Table matching for multiplication of elements in Galois Field
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 US6457035B1 US6457035B1 US09435487 US43548799A US6457035B1 US 6457035 B1 US6457035 B1 US 6457035B1 US 09435487 US09435487 US 09435487 US 43548799 A US43548799 A US 43548799A US 6457035 B1 US6457035 B1 US 6457035B1
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 G—PHYSICS
 G06—COMPUTING; CALCULATING; COUNTING
 G06F—ELECTRICAL DIGITAL DATA PROCESSING
 G06F7/00—Methods or arrangements for processing data by operating upon the order or content of the data handled
 G06F7/60—Methods or arrangements for performing computations using a digital nondenominational number representation, i.e. number representation without radix; Computing devices using combinations of denominational and nondenominational quantity representations, e.g. using difunction pulse trains, STEELE computers, phase computers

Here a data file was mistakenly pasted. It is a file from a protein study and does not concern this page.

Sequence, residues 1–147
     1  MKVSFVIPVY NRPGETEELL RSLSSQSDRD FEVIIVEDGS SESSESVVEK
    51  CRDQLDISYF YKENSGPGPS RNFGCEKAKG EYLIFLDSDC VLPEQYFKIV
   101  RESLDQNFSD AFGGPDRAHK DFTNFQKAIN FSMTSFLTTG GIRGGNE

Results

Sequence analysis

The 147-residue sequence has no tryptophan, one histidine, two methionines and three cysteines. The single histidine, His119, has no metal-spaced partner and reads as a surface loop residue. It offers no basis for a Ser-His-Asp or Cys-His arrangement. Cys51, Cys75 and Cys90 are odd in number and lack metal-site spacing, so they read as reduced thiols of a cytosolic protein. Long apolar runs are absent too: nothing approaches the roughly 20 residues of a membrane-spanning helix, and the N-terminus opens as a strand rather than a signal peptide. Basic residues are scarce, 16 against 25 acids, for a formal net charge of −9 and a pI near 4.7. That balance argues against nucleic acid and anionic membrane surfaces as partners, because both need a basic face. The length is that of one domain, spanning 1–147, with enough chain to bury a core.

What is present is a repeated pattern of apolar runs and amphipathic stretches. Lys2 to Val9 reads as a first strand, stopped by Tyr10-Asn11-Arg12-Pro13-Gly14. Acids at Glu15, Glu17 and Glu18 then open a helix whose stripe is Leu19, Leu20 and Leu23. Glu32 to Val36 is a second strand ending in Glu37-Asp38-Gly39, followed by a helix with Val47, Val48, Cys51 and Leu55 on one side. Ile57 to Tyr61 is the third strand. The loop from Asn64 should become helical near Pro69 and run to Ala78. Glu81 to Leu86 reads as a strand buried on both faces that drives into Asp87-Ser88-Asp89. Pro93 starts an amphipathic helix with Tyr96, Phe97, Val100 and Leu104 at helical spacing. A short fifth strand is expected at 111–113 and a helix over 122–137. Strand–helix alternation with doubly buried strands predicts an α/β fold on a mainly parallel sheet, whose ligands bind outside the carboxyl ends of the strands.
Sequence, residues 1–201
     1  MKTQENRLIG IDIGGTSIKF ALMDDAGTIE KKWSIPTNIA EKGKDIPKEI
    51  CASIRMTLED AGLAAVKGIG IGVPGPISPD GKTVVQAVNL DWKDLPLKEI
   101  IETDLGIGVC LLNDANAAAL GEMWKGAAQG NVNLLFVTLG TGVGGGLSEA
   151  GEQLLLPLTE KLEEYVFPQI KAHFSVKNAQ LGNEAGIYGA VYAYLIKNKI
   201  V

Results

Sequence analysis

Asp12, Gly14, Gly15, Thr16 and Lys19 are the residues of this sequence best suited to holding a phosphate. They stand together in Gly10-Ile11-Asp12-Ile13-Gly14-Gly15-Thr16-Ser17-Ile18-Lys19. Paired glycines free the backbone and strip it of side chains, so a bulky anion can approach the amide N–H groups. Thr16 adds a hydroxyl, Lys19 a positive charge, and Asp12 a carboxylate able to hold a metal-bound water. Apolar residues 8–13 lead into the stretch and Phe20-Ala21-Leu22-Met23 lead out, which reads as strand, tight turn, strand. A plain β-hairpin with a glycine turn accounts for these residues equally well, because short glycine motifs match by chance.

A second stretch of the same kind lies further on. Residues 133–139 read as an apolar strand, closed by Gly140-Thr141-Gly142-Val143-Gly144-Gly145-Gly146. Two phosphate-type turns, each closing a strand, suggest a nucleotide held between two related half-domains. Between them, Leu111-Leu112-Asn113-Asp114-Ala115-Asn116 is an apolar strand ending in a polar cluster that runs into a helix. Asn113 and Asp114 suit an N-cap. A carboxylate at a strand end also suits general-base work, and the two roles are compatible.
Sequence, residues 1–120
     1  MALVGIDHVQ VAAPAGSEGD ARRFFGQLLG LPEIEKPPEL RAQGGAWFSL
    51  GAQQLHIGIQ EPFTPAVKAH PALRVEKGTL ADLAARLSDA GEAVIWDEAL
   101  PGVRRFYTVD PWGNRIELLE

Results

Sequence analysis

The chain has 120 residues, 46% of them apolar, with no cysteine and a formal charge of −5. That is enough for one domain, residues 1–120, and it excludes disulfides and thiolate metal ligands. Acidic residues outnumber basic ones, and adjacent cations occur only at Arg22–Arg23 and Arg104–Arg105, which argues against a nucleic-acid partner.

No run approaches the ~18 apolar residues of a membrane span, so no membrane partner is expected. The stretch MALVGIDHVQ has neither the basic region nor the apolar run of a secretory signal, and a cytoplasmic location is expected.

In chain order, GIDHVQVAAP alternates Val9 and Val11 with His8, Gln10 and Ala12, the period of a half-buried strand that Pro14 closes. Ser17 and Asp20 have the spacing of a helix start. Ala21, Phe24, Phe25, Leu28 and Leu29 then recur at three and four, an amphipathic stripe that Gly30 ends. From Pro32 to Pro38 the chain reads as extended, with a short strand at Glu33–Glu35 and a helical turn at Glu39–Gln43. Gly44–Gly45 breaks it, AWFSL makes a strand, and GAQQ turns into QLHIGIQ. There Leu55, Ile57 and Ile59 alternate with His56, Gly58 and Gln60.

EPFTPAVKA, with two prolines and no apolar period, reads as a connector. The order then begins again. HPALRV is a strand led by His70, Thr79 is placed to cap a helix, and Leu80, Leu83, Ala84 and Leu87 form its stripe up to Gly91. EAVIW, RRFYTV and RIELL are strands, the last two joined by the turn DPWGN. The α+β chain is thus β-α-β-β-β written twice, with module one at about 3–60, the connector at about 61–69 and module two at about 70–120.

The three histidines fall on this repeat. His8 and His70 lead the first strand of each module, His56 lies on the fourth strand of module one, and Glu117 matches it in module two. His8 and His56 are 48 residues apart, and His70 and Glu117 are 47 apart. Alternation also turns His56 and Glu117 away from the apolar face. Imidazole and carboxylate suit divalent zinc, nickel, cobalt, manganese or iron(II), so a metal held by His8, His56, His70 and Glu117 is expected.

G06F7/72—Methods or arrangements for performing computations using a digital nondenominational number representation, i.e. number representation without radix; Computing devices using combinations of denominational and nondenominational quantity representations, e.g. using difunction pulse trains, STEELE computers, phase computers using residue arithmetic
 G06F7/724—Finite field arithmetic

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 G06—COMPUTING; CALCULATING; COUNTING
 G06F—ELECTRICAL DIGITAL DATA PROCESSING
 G06F1/00—Details of dataprocessing equipment not covered by groups G06F3/00  G06F13/00, e.g. cooling, packaging or power supply specially adapted for computer application
 G06F1/02—Digital function generators
 G06F1/03—Digital function generators working, at least partly, by table lookup
 G06F1/0307—Logarithmic or exponential functions
Abstract
Description
This application incorporates by reference Taiwanese application Ser. No. 88106873, Filed Apr. 4, 1999.
1. Field of the Invention
The invention relates in general to a table matching method for multiplication of elements in Galois Field, and more particularly to a method which can effectively obtain the product of elements in Galois Field by using a table formed in the computer hardware.
2. Description of the Related Art